You won't likely be accomplishing this with a pair of scissors,
so break out your sharpest blade,
or precision cutoff saw and let's get to work!
After having chopped the connectors specified in Tip #1, clean off both ends and get a measurement leaving a slight allowance for movement on the parallel connections (none for the series connections).
Be careful while assessing your cuts.
It's true, 12v electricity is eons safer than the grid electricity, however handling batteries unsafely can hurt or kill you.
One cut for your SERIES connection and one for your PARALLEL.
A.) When cutting for series connections, make the cables as short and direct as possible.
These connections are generally clear from the service cell-caps and having slack in the series connection would be of little practical use.
B.) When cutting for parallel connections, keep the cables as long as possible to catch through as many terminals as possible. Make the cables start from the first connector, T H R O U G H to the farthest battery connector, stripping off the protective jacket to allow for any intermediary terminals that your cable will reach.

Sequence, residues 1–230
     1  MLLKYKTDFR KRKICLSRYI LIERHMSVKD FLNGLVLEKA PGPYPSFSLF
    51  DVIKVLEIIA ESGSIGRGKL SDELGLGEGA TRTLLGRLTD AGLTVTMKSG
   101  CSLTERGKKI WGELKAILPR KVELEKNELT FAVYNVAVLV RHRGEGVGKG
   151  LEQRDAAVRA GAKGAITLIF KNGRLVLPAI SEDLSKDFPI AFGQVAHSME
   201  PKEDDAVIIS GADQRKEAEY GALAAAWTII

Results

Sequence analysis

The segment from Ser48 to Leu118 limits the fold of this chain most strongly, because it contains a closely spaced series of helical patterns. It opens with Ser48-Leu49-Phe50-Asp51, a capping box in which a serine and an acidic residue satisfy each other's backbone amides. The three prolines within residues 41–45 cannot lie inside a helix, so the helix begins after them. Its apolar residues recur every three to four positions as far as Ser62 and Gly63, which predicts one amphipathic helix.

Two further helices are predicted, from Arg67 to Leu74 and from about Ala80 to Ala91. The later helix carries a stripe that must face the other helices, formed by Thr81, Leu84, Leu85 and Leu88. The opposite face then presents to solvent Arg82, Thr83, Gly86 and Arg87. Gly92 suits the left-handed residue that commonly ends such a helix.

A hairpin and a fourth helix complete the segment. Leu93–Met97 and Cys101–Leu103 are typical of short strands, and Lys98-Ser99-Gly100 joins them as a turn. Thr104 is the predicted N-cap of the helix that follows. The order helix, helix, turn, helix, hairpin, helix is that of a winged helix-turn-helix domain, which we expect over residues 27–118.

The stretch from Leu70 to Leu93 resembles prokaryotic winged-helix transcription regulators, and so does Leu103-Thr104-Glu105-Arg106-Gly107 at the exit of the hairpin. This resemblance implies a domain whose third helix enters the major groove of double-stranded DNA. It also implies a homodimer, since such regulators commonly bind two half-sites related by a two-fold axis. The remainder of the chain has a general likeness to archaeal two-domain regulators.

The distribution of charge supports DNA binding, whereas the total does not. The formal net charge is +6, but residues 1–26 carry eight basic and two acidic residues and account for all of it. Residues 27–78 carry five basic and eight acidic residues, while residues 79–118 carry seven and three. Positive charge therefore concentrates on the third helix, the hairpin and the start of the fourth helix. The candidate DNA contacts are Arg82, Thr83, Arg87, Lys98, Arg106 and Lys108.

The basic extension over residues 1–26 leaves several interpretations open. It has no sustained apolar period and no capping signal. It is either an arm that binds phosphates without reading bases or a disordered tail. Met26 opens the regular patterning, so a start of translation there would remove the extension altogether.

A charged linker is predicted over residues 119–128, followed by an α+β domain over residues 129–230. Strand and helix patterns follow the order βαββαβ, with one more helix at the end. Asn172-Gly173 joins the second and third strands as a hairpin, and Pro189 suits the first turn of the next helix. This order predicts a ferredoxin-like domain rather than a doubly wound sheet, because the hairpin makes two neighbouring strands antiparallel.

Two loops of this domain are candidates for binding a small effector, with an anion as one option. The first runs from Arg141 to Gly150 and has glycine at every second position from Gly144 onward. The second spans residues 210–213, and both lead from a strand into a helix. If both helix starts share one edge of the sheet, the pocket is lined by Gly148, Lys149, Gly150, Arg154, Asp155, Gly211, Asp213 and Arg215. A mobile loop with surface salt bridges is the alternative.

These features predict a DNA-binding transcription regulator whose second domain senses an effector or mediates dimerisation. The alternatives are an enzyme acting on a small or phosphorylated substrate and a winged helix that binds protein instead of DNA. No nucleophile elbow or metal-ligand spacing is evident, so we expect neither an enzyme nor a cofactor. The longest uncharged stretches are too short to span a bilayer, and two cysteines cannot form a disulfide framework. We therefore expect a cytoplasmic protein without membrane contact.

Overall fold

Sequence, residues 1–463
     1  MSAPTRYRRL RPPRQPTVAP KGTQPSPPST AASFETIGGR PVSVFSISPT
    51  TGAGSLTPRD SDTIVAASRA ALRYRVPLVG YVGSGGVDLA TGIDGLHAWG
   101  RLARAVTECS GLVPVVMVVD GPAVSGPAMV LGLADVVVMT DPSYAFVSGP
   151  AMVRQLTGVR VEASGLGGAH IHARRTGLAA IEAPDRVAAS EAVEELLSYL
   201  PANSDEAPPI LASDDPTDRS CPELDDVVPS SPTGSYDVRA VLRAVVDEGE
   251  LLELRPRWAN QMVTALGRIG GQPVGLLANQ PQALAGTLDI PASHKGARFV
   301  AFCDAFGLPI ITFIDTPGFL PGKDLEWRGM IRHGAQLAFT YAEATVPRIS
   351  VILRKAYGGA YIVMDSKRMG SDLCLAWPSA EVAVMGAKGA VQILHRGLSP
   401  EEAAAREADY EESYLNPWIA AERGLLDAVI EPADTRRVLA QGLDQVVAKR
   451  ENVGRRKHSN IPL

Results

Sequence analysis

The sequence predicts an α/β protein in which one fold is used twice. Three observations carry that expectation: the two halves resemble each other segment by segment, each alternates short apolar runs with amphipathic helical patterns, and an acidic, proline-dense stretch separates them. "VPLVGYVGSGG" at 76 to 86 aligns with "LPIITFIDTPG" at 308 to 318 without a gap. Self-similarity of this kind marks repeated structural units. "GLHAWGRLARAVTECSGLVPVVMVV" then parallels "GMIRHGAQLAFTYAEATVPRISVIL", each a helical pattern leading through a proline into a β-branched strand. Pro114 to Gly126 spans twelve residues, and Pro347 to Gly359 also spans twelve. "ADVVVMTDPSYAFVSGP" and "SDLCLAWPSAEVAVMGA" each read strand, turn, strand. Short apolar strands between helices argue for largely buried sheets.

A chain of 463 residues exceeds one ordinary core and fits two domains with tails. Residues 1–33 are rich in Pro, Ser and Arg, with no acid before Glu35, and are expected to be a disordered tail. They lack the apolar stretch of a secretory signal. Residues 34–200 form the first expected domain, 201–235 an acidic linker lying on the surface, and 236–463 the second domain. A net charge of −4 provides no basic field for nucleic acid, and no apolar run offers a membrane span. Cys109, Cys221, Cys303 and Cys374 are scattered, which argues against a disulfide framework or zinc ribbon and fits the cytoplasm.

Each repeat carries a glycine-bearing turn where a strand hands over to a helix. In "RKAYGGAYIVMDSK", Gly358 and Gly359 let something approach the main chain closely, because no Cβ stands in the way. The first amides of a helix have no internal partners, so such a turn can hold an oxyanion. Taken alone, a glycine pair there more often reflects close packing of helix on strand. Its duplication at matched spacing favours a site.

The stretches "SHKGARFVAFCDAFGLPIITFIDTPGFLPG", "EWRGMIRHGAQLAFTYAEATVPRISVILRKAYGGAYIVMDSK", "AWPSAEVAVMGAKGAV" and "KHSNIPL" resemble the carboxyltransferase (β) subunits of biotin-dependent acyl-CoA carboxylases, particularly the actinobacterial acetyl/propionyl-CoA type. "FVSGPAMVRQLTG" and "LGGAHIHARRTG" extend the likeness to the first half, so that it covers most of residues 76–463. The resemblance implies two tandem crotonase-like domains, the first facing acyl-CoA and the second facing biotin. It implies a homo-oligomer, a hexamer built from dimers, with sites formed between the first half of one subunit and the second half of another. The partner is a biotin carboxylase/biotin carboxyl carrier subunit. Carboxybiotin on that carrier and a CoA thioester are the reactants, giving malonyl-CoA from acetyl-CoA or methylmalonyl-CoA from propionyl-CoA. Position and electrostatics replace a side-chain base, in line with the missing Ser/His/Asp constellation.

Less cuts equates to less energy loss, and minimizes other potentially detrimental variables.
The argument for custom-cut cables isn't just an argument for safety's sake,
or that it looks neater,
or that the result are a more-efficient battery bank.
You are also gaining the least cost per lifetime by making your own cables.
The longest cable that could be located here, is long enough to span 3 parallel batteries, another stretch of cable would double-up on the final terminal and resume for yet another unadulterated stretch.
The problem arises when there's only 4 batteries and the cut now is simply jumping one solidly-constructed battery bank, only to have a jump to another 1 or 2 batteries.
If this happens, make sure to always keep the cuts to the back of the battery bank.
In other words, the end that receives the solar or wind-generated power should be connected to the longest continuous stretch of cable at terminal 1, then through terminal 2, then (in my case) terminating at battery terminal 3.
For instance, terminal 3 jumping to terminal 4 could become a hotpoint if the energy coming into the battery bank is located at terminal 4 instead of terminal 1. Terminal 4 in this scenario is the end of the battery bank, which is where any deviation from an otherwise perfect battery bank ought to be placed. By doing so diminishes any possibililty of great heat building up due to shrinking of wire, unnaturally loosening of bolts, and other supernatural occurrences, etc.
As a final note, if you see burned or blackened wire, or greasy wire, these are signs of damage and the cable should not be relied upon. Find another purpose for the damaged cable.
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